6. ^ Thonemann, Peter (2011). The Maeander Valley. Cambridge, England: Cambridge University Press. p. 25. ISBN 9781139499354.
  7. ^ a b c Cohen, Getzel M. (1995). The Hellenistic Settlements in Europe, the Islands, and Asia Minor. Hellenistic Culture and Society. 17. Berkeley and Los Angeles, CA: University of California Press. p. 363. ISBN 9780520914087.
  8. ^ Habicht 2006, pp. 244–245.
  9. ^ Habicht 2006, p. 245.
  10. ^ Davies, John K. (2002). "Greek history: a discipline in transformation". In Wiseman, T. P. (ed.). Classics in Progress. Essays on Ancient Greece and Rome. Oxford, England: Oxford University Press. p. 243. ISBN 9780197263235.
  11. ^ Durukan, Murat (2009). "The Connection of Eastern and Central Cilicia with Piracy". Adalya. 12: 77–102.
  12. ^ Habicht 2006, p. 256.

Sources

  • Habicht, Christian (2006). The Hellenistic Monarchies: Selected Papers. Translated by Peregrine Stevenson. Ann Arbor, MI: University of Michigan Press. ISBN 9780472111091.

Further reading

  • Bal, Y.; Kelling, G.; Kapur, S.; Akça, E.; Çetin, H.; Erol, O. (2003). "An improved method for determination of Holocene coastline changes around two ancient settlements in southern Anatolia: a geoarchaeological approach to historical land degradation studies". Land Degradation & Development. 14 (4): 363–376. doi:10.1002/ldr.563.
  • Chaniotis, Angelos (2004). "Justifying Territorial Claims in Classical and Hellenistic Greece. The Beginnings of International Law". In Harris, Edward M.; Rubinstein, Lene (eds.). The Law and the Courts in Ancient Greece (PDF). London: Gerald Duckworth. ISBN 9780715631171.
  • Durugönül, Serra (2003). "Nagidos 2002" (PDF). ANMED. 7: 23–25.
  • Jones, C. P.; Habicht, Christian (1989). "A Hellenistic Inscription from Arsinoe in Cilicia". Phoenix. 43 (4): 317–346. JSTOR 1088299.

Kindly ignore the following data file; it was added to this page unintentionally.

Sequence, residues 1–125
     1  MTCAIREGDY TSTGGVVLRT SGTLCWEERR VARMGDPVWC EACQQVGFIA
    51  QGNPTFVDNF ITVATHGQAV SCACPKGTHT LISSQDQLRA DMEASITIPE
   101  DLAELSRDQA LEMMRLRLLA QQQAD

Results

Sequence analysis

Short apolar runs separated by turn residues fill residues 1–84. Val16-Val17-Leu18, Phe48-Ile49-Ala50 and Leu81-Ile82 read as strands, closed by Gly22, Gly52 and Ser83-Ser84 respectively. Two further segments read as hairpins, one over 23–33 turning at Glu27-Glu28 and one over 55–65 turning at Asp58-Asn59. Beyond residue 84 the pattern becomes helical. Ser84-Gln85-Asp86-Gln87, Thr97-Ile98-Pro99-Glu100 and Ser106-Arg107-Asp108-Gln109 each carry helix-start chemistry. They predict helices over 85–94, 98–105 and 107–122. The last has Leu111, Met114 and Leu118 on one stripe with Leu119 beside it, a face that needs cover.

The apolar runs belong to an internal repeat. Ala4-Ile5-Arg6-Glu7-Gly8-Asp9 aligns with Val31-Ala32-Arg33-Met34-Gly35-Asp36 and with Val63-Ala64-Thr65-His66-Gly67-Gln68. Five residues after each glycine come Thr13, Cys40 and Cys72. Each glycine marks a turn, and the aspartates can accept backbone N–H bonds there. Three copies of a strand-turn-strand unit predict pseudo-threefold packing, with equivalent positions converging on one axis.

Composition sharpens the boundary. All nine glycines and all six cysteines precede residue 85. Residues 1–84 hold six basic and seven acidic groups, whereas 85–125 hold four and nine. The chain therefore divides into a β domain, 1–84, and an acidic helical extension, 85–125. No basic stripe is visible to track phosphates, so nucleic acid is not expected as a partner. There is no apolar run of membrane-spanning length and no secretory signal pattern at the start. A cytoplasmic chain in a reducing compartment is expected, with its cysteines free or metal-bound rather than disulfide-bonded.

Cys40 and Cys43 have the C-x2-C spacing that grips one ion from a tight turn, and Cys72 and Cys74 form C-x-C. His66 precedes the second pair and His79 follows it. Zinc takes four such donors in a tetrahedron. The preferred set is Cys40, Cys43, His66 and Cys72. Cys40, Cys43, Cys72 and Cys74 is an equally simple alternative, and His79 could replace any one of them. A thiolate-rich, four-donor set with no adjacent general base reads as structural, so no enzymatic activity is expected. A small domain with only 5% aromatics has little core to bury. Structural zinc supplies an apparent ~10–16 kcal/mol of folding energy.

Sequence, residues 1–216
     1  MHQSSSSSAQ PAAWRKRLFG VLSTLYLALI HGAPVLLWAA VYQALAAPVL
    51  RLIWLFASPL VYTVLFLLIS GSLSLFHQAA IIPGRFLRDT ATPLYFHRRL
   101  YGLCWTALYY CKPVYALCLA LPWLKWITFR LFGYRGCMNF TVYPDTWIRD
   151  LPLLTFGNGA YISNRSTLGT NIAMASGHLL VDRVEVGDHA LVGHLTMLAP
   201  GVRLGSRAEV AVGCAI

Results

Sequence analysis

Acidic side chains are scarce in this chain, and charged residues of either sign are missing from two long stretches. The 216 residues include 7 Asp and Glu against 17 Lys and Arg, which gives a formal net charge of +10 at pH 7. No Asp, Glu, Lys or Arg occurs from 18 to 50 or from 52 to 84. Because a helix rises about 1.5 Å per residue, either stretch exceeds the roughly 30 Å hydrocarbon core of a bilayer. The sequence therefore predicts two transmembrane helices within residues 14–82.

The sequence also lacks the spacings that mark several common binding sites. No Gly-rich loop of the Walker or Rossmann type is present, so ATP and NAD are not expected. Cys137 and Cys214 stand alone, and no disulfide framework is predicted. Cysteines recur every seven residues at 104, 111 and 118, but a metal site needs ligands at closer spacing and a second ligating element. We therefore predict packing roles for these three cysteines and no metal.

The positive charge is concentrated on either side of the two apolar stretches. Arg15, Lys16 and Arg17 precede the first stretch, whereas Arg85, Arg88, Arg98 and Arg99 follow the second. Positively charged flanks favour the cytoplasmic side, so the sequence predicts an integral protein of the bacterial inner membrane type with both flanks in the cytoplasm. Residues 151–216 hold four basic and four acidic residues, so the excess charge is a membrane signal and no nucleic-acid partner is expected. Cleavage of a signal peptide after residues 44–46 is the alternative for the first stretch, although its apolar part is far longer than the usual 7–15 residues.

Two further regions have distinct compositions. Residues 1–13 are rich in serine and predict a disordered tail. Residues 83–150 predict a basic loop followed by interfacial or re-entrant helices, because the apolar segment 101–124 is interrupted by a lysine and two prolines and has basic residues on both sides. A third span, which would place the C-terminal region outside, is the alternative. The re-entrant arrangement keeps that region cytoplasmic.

• Jones, C. P.; Russell, J. (1993). "Two New Inscriptions from Nagidos in Cilicia". Phoenix. 47 (4): 293–304. JSTOR 1088726.
  • Heberdey, Rudolf; Wilhelm, Adolf (1896). Reisen in Kilikien, ausgeführt 1891 und 1892 im Auftrage der Kaiserlichen Akademie der Wissenschaften. Denkschriften der Kaiserlichen Akademie der Wissenschaften in Wien (in German). 44. Vienna. pp. 158–159.
  • Lederer, Philipp (1931). "Die Staterprägung der Stadt Nagidos". Zeitschrift für Numismatik. 41: 153–276.

External links

Anamur Museum

Anamur Museum is a museum of archaeology and ethnography in Anamur ilçe (district) of Mersin Province, southern Turkey.

Ariassus

Ariassus or Ariassos (Ancient Greek: Άριασσός) was a town in Pisidia, Asia Minor built on a steep hillside about 50 kilometres inland from Attaleia (modern Antalya).

Bozyazı

Bozyazı is a town and district of Mersin Province on the Mediterranean coast of Turkey, 220 km (137 mi) west of the city of Mersin.

Bozyazı Island

Bozyazı Island is a small Mediterranean island in Turkey.

The island faces Bozyazı ilçe (district) of Mersin Province at 36°05′45″N 32°58′33″E. Its distance to shore is only 200 metres (660 ft) and in 1982 a road was constructed between the main land and the island by embankment. But in 2009 the artificial connection was abandoned. Although it is currently uninhabited there are ruins on the island.The island was once a part of the Nagidos ancient city. However, during the Cilician pirates age the city lost its former importance and the population mostly concentrated in the island then called "Nagidudos" or "Tagiduda". The total area of the island is about 11,500 square metres (124,000 sq ft). According to the Ministry od Forestry the island is declared an archaeological site .

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Its exact location, particularly in regard to Antiphellus, was misinterpreted for many years. Strabo incorrectly designates both settlements as inland towns, closer to each other than is actually evident today. Additionally, upon its rediscovery in 1840 by Sir Charles Fellows, the settlement was located near the village of Saaret, west-northwest of Antiphellus. Verifying research into its location in ancient text proved difficult for Fellows, with illegible Greek inscriptions providing the sole written source at the site. However, Thomas Abel Brimage Spratt details in his 1847 work Travels in Lycia that validation is provided in the words of Pliny the Elder, who places Phellus north of Habessus (Antiphellus' pre-Hellenic name).